Mr. Tavenner. Well, you would know, would you not, whether 
or not you ever lived at 301 St. Mark's Square? 

Mr. Kaplan. I don't recall. There was another place I lived at 
after the Chatham, just before I came to Washington. I just had the 






COMMUNIST INFILTRATION IN THE GOVERNMENT 3373 

place for the summer, and I don't remember the address of that place, 
either. 

Mr. Tavenner. Did you ever live at 301 St. Mark's Square, Phila- 
delphia? 

Mr. Kaplan. I don't recall. 

Mr. Tavenner. How long did you remain employed on the 
project in Philadelphia? 

Mr. Kaplan. I ntil the summer of 1938. 

Mr. Tavenner. What was the reason for the termination of your 
work at that time with that project? 

Mr. Kaplan. I left to take a post with the Justice Department 
to work in connection with the TNEC. 

Mr. Tavenner. And by the TNEC, what do you mean? 

Mr. Kaplan. Temporary National Economic Commit lee's work. 

Mr. Tavenner. Will you tell us the circumstances under which you 
obtained that assignment to the Department of Justice? 

Mr. Kaplan. 1 had an interview with Mr. Thurman Arnold, the 
Assistant Attorney General in charge, and I agreed to come back and 
work there. 

Mr. Tavenner. Did you come from Washington to see Mr. 
Arnold? In other words, did you initiate the conference with Mr. 
Arnold? 

An'. Kaplan. I don't recall. I used to come to Washington every 
now and then at that time on business. 

Mr. Tavenner. What were the circumstances under which you 
interviewed Mr. Arnold? Did someone make an appointment for 
you, or how did you arrange to meet Mr. Arnold? 

(The witness consulted with his counsel.) 

Mr. Kaplan. An appointment was made for me, but as to who 
made the appointment, I refuse to answer, on the ground that it may 
tend to incriminate or degrade me. 

Air. Tavenner. Did any associate in your work in your mission 
in Philadelphia make the appointment with Mr. Thurman Arnold 
for you? 

Mr. Kaplan. I refuse to answer, on the ground it may tend to 
incriminate or degrade me. 

Mr. Tavenner. What were the circumstances under which you 
had another person make this appointment with Assistant Attorney 
General Thurman Arnold? 

Mr. Kaplan. I refuse to answer, on the same ground. 

Mr. Yelde. Had you known Mr. Arnold before? 

Mr. Kaplan. No.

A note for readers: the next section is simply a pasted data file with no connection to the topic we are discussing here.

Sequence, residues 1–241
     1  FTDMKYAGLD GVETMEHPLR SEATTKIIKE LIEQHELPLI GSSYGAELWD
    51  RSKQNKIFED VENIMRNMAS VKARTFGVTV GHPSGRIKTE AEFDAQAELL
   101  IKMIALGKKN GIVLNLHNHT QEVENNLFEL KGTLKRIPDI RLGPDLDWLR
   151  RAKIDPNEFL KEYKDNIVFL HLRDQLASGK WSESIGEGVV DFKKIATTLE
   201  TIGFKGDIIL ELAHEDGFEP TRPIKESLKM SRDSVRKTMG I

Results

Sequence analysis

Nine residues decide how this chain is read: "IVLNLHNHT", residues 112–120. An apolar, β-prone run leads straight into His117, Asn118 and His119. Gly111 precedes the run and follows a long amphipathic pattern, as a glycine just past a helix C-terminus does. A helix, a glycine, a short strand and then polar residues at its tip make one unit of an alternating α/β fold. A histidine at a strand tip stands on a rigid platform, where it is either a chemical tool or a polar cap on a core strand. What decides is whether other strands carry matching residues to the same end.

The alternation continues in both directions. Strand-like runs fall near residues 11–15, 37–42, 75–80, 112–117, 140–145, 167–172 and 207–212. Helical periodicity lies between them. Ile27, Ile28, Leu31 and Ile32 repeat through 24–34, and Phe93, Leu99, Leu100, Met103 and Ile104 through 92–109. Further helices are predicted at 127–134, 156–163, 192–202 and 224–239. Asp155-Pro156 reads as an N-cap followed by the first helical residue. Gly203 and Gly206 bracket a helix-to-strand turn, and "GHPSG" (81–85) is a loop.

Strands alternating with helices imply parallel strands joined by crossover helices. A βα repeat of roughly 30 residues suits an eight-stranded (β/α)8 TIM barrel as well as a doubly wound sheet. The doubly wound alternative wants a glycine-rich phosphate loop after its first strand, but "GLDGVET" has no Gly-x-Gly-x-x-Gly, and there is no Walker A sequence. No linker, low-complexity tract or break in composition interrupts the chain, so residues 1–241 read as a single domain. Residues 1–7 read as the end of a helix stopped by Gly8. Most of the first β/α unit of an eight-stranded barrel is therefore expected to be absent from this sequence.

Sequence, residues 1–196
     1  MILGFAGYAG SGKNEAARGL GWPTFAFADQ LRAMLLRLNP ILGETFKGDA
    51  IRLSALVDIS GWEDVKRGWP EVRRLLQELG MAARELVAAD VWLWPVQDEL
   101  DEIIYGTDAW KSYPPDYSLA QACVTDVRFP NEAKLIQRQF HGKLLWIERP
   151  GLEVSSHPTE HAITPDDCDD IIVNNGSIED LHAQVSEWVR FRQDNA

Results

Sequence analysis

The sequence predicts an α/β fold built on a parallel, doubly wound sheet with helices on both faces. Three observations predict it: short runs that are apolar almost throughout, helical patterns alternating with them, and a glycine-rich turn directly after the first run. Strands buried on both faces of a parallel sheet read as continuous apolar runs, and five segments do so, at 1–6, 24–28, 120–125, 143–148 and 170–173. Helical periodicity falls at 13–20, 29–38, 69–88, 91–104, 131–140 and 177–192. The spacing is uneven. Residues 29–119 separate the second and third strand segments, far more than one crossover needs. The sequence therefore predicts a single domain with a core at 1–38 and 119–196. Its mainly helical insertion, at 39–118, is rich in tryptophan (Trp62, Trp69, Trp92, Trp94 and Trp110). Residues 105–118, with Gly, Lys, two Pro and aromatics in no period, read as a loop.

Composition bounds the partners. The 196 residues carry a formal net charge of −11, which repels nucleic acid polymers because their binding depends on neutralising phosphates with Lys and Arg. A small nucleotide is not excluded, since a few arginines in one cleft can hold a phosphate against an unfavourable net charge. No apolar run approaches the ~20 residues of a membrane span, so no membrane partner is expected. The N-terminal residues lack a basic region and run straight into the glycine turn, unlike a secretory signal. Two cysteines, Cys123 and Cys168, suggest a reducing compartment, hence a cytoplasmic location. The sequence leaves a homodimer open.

Mr. Tavenner. Did Mr. David Weintraub have anything to do 
with your meeting Mr. Thurman Arnold? 

Mr. Kaplan. I refuse to answer, on the grounds of the constitu- 
tional amendment No. 5. 

Mr. Doylk. May 1 ask a question, Mr. Tavenner? 

Mr. Tavenner. Yes, sir. 

Air. Doyle. Was the person who made the appointment for yon to 
see the Assistant Attorney General of the United States another Ind- 
eral Government employee at the time? 

Air. Kaplan. I refuse to answer, on the ground it may tend to 
incriminate me. 

20997—52 3 



3374 COMMUNIST INFILTRATION IN THE GOVERNMENT 

Mr. Doyle. Did you ask for the appointment with Mr. Thurman 
Arnold through someone else? 

(The witness consulted with his counsel.) 

Mr. Kaplan. I don't recall whether I asked for that appointment, 
or not. 

Mr. Doyle. But you do recall that someone made the appointment 
for you, that if you gave the name of that person you might be incrimi- 
nated; is that your testimony? 

Mr. Kaplan. Yes. 

Mr. Doyle. In other words, you have a good memory on one point, 
but not on the other involved in the same subject; is that the way 
want the record to stand? 

Mr. Kaplan. During my work in the Federal Government, there 
were any number of times when I was asked whether I would take 
some job, or not. I can't recall now whether, on this particular job, 
I indicated an interest to someone, or whether an inquiry was made 
to me as to whether I would be interested. 

Mr. Doyle. If you don't recall whether or not you indicated 
interest to anyone else, how then do you testify it might incriminate